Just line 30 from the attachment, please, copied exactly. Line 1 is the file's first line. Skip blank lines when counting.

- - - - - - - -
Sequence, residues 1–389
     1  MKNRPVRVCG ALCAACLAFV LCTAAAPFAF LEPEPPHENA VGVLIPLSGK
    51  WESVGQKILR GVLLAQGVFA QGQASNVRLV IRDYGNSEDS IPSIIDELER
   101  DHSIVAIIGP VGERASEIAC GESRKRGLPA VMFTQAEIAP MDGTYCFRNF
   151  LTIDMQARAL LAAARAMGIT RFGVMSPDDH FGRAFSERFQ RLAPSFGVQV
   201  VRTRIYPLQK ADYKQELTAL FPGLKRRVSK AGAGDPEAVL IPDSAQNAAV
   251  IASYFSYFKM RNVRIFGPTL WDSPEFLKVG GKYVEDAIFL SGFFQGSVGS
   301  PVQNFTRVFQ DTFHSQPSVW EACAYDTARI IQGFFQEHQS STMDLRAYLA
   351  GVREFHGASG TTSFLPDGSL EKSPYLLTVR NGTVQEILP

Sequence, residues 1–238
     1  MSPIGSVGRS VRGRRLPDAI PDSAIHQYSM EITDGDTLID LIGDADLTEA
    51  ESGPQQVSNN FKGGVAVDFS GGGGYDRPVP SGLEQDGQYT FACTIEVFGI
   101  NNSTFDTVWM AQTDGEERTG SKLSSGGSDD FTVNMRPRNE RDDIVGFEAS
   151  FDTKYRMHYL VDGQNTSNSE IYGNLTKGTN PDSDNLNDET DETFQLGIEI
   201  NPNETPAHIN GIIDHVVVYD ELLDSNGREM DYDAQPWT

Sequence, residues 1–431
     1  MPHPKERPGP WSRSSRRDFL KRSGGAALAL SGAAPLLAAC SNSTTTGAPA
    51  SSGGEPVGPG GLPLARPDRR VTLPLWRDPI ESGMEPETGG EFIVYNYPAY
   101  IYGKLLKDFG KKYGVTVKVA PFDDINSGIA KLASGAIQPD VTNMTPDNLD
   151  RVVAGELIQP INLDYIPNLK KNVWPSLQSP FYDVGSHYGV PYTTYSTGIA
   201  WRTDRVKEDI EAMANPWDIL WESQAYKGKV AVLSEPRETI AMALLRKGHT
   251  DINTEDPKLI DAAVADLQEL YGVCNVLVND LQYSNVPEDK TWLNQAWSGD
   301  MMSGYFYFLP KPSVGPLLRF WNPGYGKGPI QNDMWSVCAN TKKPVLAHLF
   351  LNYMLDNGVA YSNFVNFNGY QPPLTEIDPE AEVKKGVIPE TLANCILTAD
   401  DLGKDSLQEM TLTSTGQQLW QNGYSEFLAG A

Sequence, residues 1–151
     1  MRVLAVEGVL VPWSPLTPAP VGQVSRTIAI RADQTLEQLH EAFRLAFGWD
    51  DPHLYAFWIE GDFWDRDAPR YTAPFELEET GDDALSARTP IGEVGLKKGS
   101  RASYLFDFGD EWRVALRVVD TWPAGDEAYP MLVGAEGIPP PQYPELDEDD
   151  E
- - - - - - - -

   151  E